Sunday Forum: The importance of libraries

U.S. Steel Chairman JOHN SURMA and United Steelworkers President LEO GERARD call for continued support of Carnegie's libraries

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In Andrew Carnegie's day, the leaders of management and labor were rarely in accord. But the value of education and free access to knowledge was never a point of debate.


John Surma is the chairman and CEO of U.S. Steel Corp. (www.ussteel.com). Leo Gerard is the international president of United Steelworkers (www.unitedsteelworkers.com). They are co-chairs of Carnegie Library of Pittsburgh's Libraries for LIFE (www.clpgh.org).

As successors to Andrew Carnegie's vision, we know that a library promotes literacy and learning, and also stabilizes and strengthens our community. Pittsburgh is one of the greatest places in the country to live, and our library system helps to make it that way.

Every day more than 6,000 people walk through the doors of Carnegie Library of Pittsburgh. More people visit the library each year than go to Steelers games or Pirates games. And even more people -- some 6 million a year -- use the library's Web site as an information resource.

The late playwright August Wilson spent hours in Pittsburgh's libraries reading the works of the masters before him, dreaming of the day when he would see his own books on the shelf ready to inspire the next budding author. He credited the library for changing his life.

Walk into any Carnegie Library of Pittsburgh location and you will see how libraries educate, enrich lives and engage in the business of solving real-life problems.

You'll find librarians guiding customers to information that will help them to find a job, start a business or trace their family trees. You'll find teens learning to use video cameras and online media to support a worthy cause. You'll find children settling into a cozy pillow with a picture book. You'll find researchers combing through books, online catalogs, digital archives and electronic databases. You'll find quiet places to read and study, but you'll also hear music, chatter and laughter.

Libraries are essential to our region's economic competitiveness, our neighborhood vitality and our future. The library is a valuable partner with school and community organizations in developing literacy skills at an early age. Literacy is linked to basic job skills -- skills that help our region stay competitive in both management and labor. The free public library provides a place where people can explore new cultures through books, music and video. It provides access to the infinite world of the Internet. It opens the door for civic discourse, as people learn to share ideas, opinions and values. The library is a place where people can come to be themselves or to become something else. Libraries change lives.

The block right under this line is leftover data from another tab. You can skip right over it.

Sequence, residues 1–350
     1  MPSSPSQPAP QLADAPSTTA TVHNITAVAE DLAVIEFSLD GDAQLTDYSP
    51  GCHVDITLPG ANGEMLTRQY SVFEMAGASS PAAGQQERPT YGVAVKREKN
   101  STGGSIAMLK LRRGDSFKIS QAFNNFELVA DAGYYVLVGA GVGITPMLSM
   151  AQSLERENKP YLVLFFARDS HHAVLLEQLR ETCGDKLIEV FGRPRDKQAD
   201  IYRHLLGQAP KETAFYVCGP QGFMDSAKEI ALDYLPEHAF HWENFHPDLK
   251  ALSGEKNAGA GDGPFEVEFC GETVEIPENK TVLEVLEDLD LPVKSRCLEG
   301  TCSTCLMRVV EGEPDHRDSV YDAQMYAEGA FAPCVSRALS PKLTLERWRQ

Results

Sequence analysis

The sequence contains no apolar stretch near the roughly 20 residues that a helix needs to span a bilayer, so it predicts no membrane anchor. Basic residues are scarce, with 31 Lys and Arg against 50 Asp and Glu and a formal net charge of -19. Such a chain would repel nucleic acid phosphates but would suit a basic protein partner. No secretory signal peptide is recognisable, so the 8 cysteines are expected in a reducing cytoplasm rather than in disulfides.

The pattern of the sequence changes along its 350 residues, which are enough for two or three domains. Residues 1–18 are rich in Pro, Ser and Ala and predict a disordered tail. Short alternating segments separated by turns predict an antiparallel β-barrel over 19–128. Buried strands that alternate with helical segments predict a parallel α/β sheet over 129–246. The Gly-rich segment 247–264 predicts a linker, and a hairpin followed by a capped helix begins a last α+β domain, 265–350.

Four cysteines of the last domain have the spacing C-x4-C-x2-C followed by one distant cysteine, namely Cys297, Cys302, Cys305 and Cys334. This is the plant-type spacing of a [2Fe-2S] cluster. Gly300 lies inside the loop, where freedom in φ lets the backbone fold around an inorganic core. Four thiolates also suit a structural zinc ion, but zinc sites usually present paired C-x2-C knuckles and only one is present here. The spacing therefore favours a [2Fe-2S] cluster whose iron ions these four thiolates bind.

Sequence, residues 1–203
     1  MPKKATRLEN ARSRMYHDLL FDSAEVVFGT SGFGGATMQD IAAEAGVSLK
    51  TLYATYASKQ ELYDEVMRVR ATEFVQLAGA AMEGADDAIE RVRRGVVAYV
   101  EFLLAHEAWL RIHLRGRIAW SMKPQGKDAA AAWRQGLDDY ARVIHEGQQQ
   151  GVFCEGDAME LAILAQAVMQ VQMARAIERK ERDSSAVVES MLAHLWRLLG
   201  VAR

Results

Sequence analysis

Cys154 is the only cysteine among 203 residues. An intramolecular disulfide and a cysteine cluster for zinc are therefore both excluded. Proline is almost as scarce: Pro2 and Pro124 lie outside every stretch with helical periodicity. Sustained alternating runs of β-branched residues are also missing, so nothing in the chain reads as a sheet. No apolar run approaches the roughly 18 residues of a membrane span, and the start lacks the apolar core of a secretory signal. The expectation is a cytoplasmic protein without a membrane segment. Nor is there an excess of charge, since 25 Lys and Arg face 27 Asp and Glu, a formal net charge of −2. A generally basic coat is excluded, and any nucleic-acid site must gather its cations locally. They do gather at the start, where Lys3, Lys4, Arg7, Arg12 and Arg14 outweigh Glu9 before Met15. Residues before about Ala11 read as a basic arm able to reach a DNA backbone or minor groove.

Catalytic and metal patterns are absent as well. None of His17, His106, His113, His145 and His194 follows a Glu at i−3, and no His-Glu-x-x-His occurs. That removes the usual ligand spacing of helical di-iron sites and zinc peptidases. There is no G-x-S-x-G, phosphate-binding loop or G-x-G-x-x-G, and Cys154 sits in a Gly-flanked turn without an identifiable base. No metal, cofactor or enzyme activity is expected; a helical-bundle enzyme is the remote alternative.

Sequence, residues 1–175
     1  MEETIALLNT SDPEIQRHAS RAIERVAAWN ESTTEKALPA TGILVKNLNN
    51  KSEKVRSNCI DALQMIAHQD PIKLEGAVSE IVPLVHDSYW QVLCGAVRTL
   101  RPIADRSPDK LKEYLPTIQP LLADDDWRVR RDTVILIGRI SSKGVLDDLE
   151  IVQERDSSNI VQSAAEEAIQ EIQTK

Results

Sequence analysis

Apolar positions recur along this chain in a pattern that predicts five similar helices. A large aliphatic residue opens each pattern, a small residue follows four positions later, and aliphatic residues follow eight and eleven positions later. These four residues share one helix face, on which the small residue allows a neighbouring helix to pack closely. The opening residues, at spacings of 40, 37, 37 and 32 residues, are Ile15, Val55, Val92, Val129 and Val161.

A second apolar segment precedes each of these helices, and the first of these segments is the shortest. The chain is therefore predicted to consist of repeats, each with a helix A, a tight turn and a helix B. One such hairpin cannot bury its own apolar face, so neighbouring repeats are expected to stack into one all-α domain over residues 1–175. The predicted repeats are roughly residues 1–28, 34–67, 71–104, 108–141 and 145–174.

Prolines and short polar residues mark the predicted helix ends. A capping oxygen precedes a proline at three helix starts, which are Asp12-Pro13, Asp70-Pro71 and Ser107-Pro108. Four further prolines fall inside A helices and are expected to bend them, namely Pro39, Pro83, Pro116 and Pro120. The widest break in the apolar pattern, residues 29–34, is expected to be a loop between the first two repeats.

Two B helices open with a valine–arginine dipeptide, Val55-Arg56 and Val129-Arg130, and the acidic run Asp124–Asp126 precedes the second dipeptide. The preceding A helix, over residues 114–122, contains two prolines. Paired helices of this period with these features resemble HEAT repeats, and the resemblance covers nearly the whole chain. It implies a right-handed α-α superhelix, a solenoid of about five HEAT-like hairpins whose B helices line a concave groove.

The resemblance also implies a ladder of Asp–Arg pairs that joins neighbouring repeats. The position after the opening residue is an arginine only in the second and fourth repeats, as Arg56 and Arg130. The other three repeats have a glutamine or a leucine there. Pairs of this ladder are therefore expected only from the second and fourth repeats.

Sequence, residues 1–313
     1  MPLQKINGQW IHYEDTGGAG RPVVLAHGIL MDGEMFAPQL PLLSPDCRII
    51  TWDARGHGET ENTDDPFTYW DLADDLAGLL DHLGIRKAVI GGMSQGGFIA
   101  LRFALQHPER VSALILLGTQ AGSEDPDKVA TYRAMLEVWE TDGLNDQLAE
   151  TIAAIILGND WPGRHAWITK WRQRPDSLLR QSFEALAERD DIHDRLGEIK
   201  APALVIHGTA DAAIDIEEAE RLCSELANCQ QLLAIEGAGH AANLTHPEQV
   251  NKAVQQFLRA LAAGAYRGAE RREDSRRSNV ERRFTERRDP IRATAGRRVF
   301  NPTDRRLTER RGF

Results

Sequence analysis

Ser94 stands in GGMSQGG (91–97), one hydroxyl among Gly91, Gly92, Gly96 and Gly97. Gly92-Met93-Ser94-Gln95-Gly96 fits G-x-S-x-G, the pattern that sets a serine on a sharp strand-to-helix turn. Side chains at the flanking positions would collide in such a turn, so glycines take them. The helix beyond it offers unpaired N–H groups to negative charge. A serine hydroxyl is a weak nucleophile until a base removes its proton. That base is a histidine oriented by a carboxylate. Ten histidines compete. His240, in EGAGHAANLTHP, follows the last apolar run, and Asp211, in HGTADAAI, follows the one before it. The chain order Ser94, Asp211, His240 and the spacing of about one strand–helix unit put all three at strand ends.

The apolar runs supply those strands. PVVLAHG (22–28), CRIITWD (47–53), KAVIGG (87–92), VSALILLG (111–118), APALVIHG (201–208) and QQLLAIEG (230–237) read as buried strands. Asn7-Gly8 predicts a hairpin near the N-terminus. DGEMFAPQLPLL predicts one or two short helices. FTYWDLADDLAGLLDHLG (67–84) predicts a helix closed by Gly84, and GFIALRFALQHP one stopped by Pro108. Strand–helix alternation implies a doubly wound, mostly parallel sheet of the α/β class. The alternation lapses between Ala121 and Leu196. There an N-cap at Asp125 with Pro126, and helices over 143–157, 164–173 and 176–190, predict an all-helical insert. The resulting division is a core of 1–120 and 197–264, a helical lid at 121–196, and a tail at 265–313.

More than 100 years ago, Andrew Carnegie envisioned that his libraries would bring books and information to all people. Today, Carnegie Library of Pittsburgh remains true to that vision. But while Carnegie provided the capital to build the library, he did not endow its operations. He expected the community to financially support such an essential resource.

Even as our community acknowledges how vital libraries are, libraries struggle to keep their doors open. One of the greatest challenges our libraries face is to meet the needs of a 21st-century library user with 19th-century facilities. To serve modern society well, our library facilities need to fit our community's needs. Technological infrastructure, handicapped accessibility and climate-control systems are not luxuries but expectations.

As co-chairs of Carnegie Library of Pittsburgh's Libraries for LIFE Capital Campaign, we are working together to ensure that Carnegie Library of Pittsburgh remains a vital regional asset. Keeping libraries alive is tremendously important to the historical legacy of Pittsburgh and to the future strength of our community.

Since 2001, six neighborhood locations and the first floor of the main library in Oakland have been renovated thanks to Libraries for LIFE. The results have been increased visitors and circulation, and a vibrancy that is unmatched.

Local foundations, corporations, government and a few key individuals have contributed nearly $50 million toward the campaign's $55 million goal. Now it's time for the rest of the Pittsburgh community to hear the call. We need the citizens of this region to share their passion for libraries by providing the last $5 million by the end of 2008.

Andrew Carnegie gave this region a tremendous gift -- a library system that is not simply about books, but about the people and communities it serves. It is now our responsibility to see that Carnegie's passion is extended to a new generation.

As a community we have the power and the privilege to shape the future -- to help individuals reach their potential, to stabilize and strengthen our communities and to ensure that Carnegie Library of Pittsburgh remains "free to the people."

The two of us have joined forces because we share Carnegie's legacy and his vision. Please join us to make our city's libraries a priority.



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